Re: [Amel Yacht Owners] Re: Steering Failure on 1992 SM72 "Aloha"
Herbert, Yes the linear drive moves all the components connected to the steering system. I am not an engineer , but I suspect it all comes down to leverage imposed from the helm is greater than what you impose from the rudder. As to wear ,it would be the same ,as when employing the rotary ,all the same parts are moving. I suppose if you took the chain off the rotary drive ,you could save that from moving , but the wear is minimum and would not be a good idea.toggle quoted messageShow quoted text
From: herbert@... [amelyachtowners]
Sent: Tue, Jul 17, 2018 10:51 am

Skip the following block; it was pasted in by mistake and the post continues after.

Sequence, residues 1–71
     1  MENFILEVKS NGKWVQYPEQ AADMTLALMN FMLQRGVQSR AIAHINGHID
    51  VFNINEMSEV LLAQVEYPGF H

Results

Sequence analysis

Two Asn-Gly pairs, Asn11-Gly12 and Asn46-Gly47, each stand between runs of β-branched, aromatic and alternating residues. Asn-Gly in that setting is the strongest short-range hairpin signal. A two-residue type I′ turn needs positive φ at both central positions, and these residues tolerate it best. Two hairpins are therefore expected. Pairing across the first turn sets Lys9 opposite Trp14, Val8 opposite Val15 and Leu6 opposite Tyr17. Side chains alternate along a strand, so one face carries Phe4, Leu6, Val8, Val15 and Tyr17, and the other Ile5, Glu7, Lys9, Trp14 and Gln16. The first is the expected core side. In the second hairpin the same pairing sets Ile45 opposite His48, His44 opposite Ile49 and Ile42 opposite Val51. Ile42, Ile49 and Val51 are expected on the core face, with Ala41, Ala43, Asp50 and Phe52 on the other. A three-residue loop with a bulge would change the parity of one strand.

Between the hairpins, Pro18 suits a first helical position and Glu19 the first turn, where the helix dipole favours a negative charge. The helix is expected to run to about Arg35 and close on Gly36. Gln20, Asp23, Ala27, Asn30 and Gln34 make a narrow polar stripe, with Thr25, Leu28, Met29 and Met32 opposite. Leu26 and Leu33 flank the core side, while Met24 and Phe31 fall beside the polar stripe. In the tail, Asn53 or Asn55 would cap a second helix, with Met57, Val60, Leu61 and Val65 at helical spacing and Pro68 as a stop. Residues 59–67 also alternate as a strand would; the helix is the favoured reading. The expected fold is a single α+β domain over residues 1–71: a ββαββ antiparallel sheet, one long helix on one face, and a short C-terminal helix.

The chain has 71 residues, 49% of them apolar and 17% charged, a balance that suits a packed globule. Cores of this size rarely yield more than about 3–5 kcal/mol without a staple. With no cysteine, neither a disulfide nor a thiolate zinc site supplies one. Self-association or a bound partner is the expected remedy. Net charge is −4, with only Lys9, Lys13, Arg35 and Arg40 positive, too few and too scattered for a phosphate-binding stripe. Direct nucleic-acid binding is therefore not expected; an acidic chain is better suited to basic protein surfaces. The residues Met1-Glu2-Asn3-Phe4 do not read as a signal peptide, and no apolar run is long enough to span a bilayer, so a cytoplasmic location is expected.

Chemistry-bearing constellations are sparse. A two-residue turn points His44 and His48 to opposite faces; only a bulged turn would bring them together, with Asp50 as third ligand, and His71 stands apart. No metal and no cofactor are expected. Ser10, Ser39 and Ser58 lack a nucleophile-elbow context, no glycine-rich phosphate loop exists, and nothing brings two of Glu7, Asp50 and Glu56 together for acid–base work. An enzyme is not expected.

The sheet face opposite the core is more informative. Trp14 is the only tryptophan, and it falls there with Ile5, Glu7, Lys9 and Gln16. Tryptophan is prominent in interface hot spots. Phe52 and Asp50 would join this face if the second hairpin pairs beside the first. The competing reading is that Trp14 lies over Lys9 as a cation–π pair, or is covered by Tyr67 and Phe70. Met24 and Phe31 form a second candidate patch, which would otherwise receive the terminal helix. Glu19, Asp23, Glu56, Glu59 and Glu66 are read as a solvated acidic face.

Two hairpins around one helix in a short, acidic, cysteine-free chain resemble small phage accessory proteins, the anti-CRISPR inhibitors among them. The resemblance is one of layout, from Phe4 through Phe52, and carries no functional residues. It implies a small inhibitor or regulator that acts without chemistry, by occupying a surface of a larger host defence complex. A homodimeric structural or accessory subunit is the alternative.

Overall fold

Subject: Re: [Amel Yacht Owners] Re: Steering Failure on 1992 SM72 "Aloha"
Hi Bill, I think I could not express myself very clear, try to say it again, sorry for my English:
when the rudder is moved by the rotary drive (or by the steering wheel) it moves very smooth, you can turn it with the "little finger". If I try to move the rudder (on the hard) by pushing or pulling it I need quite a lot of power until it moves (and of course the steering wheel turns also). So I thought, that the system is designed in a way that it runs very smooth when the power transmission goes from wheel to rudder but not the other way round (eg like a worm gear...).
If the linear drive turns the rudder by moving the quadrant I thought that there might be a lot of friction until the steering wheel gets turned by the ultraflex cables. Is it true that the linear drive also turns the steering wheel when working - I assume yes?
This is not a question ho w the Autopilot works but how the Amel Steering works